Fulvue Drive-In.com
Current Reviews
In Stores Soon
 
In Stores Now
 
DVD Reviews, SACD Reviews Essays Interviews Contact Us Meet the Staff
An Explanation of Our Rating System Search  
Category:    Home > Reviews > Spy > Thriller > Drama > Comedy > Art > Counterculture > Breach/Zodiac/Number 23/Factory Girl/Music & Lyrics (Theatrical Film Reviews)

The following are capsule reviews of some films I've seen in recent weeks, including two superb true-crime stories with the potential to rank among my best-10 of 2007.

 

Reviews by Chuck O'Leary

 

Breach - Set during the first two months of 2001, this is the gripping true story of how the FBI used one of its young surveillance operatives, Eric O'Neill (Ryan Phillippe), to help catch a traitor within its own agency, FBI veteran Robert Hanssen (Chris Cooper).  The Hanssen we observe in the film is an absolutely fascinating two-faced villain.  On the outside, he's an uptight prig and devout Catholic who regularly attends mass and preaches the values of God and country.  But as O’Neill would discover, Hanssen was a walking contradiction who secretly liked making home sex videos, and worse, had been selling valuable American intelligence secrets to the Russians for years.  Even though many of us already know the outcome of this story, co-writer-director Billy Ray (Shattered Glass) is still able to maintain considerable suspense throughout as O'Neill attempts to gain Hanssen's trust through their mutual Catholic background, while trying to obtain incriminating evidence without his surly, egotistical new boss becoming wise.  Breach follows The Good Shepherd as the second outstanding spy-thriller to be released by Universal Pictures within the last two months.  Robert De Niro's The Good Shepherd was terrific.  Breach is even better, and is the kind of great film that seldom gets released this early in the year.  Rating: 9 out of 10.

 

Zodiac - This is the second film to get released in the last 12 months about the never-solved Zodiac killings that terrorized the San Francisco Bay area in the late '60s and early '70s.  Last year's film version, called The Zodiac, was a low-budget production that got a 10-screen theatrical release last March 17.  It's a decent movie, but limits its scope to one fictional small-town cop's investigation into the killings.  David Fincher's Zodiac is the more ambitious, thorough and better of the two.  Based on Robert Graysmith's novel, Fincher's film is a captivating 157-minute case history that divides its time between three men closely associated with the investigation, SFPD detective, Dave Toschi (Mark Ruffalo); doped-up San Francisco Chronicle reporter Paul Avery (Robert Downey Jr.); and Graysmith himself (Jake Gyllenhaal), a Chronicle cartoonist who remained obsessed with the case long after it left the headlines.  Zodiac fascinates in its attention to detail, and convincingly recreates an era when crime fighting techniques were a lot more primitive than they are today.  The film's only shortcoming is failing to show the effect these senseless murders had on any of the victim's families.  Otherwise, it's an engrossing real-life mystery that makes a plausible hypothesis about the identity of the elusive Zodiac killer.  Let's just say, you may never think of your helpful hardware man from Ace the same way again.  The one thing this and last year's Zodiac movie have in common is character actor Philip Baker Hall, who appears in both.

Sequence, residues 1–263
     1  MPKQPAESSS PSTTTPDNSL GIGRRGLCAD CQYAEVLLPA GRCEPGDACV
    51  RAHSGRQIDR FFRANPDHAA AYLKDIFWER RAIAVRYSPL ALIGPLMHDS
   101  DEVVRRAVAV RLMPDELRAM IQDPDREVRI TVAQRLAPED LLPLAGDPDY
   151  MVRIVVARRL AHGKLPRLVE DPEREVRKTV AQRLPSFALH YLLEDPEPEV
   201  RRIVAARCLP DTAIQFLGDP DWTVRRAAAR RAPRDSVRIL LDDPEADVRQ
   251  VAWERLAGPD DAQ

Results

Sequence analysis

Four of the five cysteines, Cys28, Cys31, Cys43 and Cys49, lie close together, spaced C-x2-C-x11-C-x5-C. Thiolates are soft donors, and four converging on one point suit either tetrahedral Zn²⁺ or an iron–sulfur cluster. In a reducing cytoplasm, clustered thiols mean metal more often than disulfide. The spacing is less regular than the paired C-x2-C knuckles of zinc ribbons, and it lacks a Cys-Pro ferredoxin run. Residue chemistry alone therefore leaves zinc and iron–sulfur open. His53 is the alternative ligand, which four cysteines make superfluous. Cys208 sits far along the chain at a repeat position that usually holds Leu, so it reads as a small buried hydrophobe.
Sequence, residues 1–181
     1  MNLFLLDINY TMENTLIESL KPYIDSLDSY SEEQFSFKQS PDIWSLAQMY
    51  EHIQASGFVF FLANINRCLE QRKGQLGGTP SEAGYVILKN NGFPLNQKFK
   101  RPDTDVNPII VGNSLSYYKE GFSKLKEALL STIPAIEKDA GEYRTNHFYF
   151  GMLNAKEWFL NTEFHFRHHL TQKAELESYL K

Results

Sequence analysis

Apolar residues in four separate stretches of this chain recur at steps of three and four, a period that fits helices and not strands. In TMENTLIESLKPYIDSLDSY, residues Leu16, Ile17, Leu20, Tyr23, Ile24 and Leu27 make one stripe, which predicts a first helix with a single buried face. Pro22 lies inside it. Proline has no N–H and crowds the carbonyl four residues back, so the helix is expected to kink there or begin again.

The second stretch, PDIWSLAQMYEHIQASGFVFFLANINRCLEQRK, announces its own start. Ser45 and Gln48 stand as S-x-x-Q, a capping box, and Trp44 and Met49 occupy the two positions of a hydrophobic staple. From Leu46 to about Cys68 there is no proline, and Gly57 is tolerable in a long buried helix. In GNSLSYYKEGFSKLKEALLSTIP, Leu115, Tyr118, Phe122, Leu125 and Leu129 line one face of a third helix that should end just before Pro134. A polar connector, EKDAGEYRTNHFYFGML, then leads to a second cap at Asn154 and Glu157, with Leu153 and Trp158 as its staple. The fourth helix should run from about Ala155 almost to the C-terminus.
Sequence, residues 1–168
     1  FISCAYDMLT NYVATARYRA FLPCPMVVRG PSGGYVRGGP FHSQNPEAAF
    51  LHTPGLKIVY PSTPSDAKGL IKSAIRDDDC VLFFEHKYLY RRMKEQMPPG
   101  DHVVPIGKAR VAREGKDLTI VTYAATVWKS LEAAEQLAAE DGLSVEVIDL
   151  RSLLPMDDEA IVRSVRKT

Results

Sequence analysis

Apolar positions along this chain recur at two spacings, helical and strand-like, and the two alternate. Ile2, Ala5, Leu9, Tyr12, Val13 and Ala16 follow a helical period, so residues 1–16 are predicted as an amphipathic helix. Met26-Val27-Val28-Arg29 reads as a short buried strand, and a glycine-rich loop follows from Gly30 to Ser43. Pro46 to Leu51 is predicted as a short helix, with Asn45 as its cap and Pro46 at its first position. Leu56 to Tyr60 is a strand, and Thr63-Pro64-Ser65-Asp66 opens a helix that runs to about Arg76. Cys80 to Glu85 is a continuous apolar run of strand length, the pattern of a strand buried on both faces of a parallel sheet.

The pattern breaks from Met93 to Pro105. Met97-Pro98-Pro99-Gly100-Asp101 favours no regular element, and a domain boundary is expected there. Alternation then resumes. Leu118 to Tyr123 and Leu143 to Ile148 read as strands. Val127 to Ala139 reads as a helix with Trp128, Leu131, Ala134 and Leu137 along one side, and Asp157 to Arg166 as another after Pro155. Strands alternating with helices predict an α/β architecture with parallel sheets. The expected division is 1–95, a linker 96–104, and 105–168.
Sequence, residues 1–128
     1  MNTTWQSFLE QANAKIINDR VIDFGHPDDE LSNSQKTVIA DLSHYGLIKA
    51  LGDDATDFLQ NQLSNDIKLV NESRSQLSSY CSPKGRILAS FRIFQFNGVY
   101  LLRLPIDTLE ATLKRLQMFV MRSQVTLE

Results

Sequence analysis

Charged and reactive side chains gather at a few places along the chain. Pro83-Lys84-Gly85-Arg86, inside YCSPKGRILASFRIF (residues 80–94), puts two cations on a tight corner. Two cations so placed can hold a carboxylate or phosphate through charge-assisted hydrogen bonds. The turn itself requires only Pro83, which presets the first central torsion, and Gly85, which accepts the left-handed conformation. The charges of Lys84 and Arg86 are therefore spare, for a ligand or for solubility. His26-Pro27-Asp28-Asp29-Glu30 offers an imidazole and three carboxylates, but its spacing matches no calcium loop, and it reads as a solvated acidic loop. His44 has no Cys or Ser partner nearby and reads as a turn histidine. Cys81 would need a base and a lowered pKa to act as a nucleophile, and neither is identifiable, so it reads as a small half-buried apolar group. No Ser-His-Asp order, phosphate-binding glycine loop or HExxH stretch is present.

Rating: 8 out of 10.

 

The Number 23 - Most bad movies are just plain boring, but occasionally one will come along that's so outrageous in its badness that it ends up having some degree of entertainment value. Joel Schumacher's laughable would-be thriller, The Number 23, is such a film.  Not yet getting the hint that audiences don't want to see him in serious roles, Jim Carrey plays a dog catcher whose wife (Virginia Madsen) introduces him to an obscure book about characters obsessed with the number 23.  Carrey's character then himself becomes completely obsessed with the number, believing that he and the book's characters are somehow interconnected.  It's obvious Carrey's character belongs in a rubber room from the very beginning, and, after 13 years together, didn't his wife ever get around to asking him, "So what were you doing that day I met you out in front of the mental hospital?"  We can only hope a sequel called The Number 46 doesn't get made. Rating: 4 out of 10.

 

Factory Girl - Not great, but better than many of the reviews it's gotten, this is the tragic story of artist/actress Edie Sedgwick, and how her involvement with Andy Warhol's avant-garde freak show known as The Factory led to her self-destruction.  Sedgwick's all-too-common story of drug-addiction hastening the downfall of a young starlet is nothing new.  However, the film is most interesting in its portrayal of Warhol as a cold-hearted user.  Sienna Miller proves she's more than just another pretty face with her strong portrayal of Sedgwick, and it took me a while to even recognize that it is Guy Pearce playing Warhol.  The film's fictional folk singer named Billy Quinn (played by Hayden Christensen) with whom Sedgwick becomes involved is obviously supposed to be Bob Dylan.  Factory Girl is a sad story of a life ruined by child abuse and hedonistic excess.  Rating: 7 out of 10

 

Music & Lyrics - An amiable romantic-comedy starring Hugh Grant as a washed-up '80s pop singer who gets a second chance when he's hired by a current pop female superstar to write her a song.  Drew Barrymore plays a young woman not in show business who becomes his unlikely songwriting partner.  The film opens with the amusing recreation of a mid-1980s music video of a deliriously cheesy pop song called "Pop! Goes My Heart."  The song is a lot of fun, but ends up being the only memorable thing in a middling rom-com that needed a wittier script.  Rating: 5 out of 10.


Marketplace
 Copyright © MMIII through MMX fulvuedrive-in.com